"Our side-effect blocking drugs like TK-90 make existing cancer treatments safer and more effective. We see this process continuing in cancer therapy, and we intend to be part of it."
Can you give an overview of the unmet need TK-90 fills and how trials have been progressing?
The initial unmet medical need that TK-90 addresses is to prevent or treat the adverse side effects of chemotherapy. Using methotrexate as a model chemotherapeutic, we have recently completed Phase 2a clinical studies in head and neck cancer patients. The results from this study exceeded our expectations. TK-90 showed essentially 100% protection in many patients against mucositis side effects, which are a dose limiting, serious, and potentially fatal part of methotrexate and other cancer treatments. We are currently completing filings with the FDA and look forward to starting registration-enabling studies soon.
We have also been exploring other uses of TK-90, as its mechanism of action is not specific to any particular drug or treatment. These have also exceeded expectations and show that TK-90 has promise not only to be an effective therapy for drug induced mucositis, but other indications as well, including several outside of cancer. We also have further confirmed that TK-90 is an extremely safe drug with no adverse effects of its own. And since it is inexpensive to produce, it will serve a worldwide market, not just affluent countries.
How do you see the future of cancer treatment playing out and what are the biggest tradeoffs between adopting new therapies and improving the ones we currently have?
The old expression “the more it changes, the more it stays the same” is applicable to cancer therapy. For example, immunotherapy has been in the headlines recently as a novel cancer treatment, but it is actually one of the oldest approaches to cancer therapy and has been around for more than 100 years. Similarly, many other “new” therapies have evolved over the years through incremental improvements, sometimes adopting different names to make them appear more original. Tosk’s drugs are part of this process of steady improvement. Our side effect blocking drugs like TK-90 make existing cancer treatments safer and more effective. We see this process continuing in cancer therapy, and we intend to be part of it.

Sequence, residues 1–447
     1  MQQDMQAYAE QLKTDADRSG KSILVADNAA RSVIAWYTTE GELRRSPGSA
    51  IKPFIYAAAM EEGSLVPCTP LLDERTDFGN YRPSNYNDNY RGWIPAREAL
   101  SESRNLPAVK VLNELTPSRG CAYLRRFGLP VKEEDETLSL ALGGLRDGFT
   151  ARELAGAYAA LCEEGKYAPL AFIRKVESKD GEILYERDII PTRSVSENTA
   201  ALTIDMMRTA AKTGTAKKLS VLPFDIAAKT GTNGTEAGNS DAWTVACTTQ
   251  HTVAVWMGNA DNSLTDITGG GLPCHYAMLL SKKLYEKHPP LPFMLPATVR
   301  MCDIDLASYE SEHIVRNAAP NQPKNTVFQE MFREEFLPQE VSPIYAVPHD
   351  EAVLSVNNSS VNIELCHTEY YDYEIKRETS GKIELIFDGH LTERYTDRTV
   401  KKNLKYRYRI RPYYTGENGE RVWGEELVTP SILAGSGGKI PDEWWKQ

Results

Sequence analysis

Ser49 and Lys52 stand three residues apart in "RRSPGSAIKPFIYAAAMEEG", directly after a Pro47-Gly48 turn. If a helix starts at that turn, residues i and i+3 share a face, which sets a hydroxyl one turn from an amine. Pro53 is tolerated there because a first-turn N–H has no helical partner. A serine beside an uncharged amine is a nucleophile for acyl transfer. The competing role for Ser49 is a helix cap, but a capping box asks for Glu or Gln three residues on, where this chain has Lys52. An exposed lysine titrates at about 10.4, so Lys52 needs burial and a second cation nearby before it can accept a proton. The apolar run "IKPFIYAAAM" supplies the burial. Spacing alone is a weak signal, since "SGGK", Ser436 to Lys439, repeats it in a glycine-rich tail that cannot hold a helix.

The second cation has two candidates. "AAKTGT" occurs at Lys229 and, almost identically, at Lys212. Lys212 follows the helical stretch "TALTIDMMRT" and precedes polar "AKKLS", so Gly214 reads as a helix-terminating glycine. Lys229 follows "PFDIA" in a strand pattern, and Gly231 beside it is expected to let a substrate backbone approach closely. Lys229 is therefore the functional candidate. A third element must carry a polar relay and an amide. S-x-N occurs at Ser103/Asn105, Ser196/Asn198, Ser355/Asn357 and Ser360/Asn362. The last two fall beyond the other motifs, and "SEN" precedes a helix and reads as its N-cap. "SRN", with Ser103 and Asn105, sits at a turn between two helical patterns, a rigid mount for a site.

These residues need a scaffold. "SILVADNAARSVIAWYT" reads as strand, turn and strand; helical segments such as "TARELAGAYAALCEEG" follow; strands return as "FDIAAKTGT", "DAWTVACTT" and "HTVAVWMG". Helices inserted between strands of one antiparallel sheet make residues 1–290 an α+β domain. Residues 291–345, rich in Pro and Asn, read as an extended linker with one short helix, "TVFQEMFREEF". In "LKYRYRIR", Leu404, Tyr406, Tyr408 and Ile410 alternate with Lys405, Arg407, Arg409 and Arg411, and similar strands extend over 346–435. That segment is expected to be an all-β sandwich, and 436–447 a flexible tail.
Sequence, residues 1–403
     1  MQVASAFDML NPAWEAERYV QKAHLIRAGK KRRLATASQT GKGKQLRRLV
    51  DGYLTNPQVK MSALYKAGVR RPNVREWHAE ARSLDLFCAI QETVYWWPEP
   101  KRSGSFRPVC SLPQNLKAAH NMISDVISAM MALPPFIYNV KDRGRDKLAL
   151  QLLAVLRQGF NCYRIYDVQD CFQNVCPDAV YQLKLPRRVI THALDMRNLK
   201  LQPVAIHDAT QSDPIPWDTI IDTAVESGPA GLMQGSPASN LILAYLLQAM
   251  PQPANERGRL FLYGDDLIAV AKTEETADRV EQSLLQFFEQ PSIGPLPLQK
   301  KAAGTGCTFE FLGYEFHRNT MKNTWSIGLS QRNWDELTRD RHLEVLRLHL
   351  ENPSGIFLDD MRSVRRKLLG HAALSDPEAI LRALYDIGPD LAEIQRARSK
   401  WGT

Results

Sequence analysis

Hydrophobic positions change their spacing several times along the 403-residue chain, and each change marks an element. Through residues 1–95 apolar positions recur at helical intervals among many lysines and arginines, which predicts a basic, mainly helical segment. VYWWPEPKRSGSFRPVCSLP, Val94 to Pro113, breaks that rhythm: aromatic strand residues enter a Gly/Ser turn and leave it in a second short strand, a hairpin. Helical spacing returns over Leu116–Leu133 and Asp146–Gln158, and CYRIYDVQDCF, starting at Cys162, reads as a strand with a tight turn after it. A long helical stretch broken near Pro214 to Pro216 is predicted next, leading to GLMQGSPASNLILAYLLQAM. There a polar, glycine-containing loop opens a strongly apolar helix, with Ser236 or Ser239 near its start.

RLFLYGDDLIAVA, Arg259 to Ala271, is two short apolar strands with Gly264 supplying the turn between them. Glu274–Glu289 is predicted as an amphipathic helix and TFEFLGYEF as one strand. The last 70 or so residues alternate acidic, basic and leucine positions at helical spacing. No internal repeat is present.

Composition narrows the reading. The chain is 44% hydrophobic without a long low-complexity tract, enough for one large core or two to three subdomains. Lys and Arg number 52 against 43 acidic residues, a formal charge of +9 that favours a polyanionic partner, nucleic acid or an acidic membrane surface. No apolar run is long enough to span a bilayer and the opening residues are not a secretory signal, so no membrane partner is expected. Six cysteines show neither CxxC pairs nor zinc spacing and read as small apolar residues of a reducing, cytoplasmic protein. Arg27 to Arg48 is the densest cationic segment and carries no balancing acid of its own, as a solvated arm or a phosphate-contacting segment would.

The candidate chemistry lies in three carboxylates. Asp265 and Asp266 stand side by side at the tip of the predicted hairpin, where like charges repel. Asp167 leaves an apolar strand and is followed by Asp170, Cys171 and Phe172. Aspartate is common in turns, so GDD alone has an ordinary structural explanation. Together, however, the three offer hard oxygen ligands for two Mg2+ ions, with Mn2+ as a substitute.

What role do fruit flies play in screening compounds for cancer therapies and why is the fruit fly a good predictor of how humans might react?
The fruit fly is a complex animal that has been used in biological research for over 100 years. Nearly 70% of human cancer genes are conserved in flies. Despite this, fruit flies had not been successfully used as a drug screening tool until Tosk perfected the process. We have harnessed this animal to yield a new technology to identify drugs that might not be discovered using traditional methods such as target discovery and high throughput screening. And, we are the first company to put a product discovered in a fruit fly into human clinical studies. The results of this work demonstrate that the fly is a very useful drug discovery platform.
Tosk has two fly-based discovery technologies, the Side Effect Fly, that gave us TK-90, and different method which we call the Genetically Modified Fly, used to discover drugs that block the activity of mutant cancer genes such as KRAS.
What goals would Tosk like to achieve over the next two years?
We would like to make substantial progress in a clinical registration study for TK-90. We think that TK-90 will be eligible for accelerated approval designations used by regulatory authorities to speed the approval process for drugs that address unmet medical needs. We will be pursuing marketing clearance for chemotherapy side effect prevention, while at the same time, exploring other applications for TK-90 both within and outside of cancer.
Our second most advanced drug is TK-39 for cardiotoxicity side effect prevention for widely used drugs like doxorubicin. We’d like to establish proof of concept in clinical studies for TK-39 during this timeframe. This product addresses a permanent side effect of chemotherapy which causes congestive heart failure in 25% of patients within 10 years following treatment.
Finally, Tosk’s KRAS program is our “moonshot” and addresses a problem that has been considered undruggable. We anticipate having a KRAS drug in the clinic within a two-year time frame. Achieving these goals would certainly put us in the IPO or, perhaps, acquisition candidate position.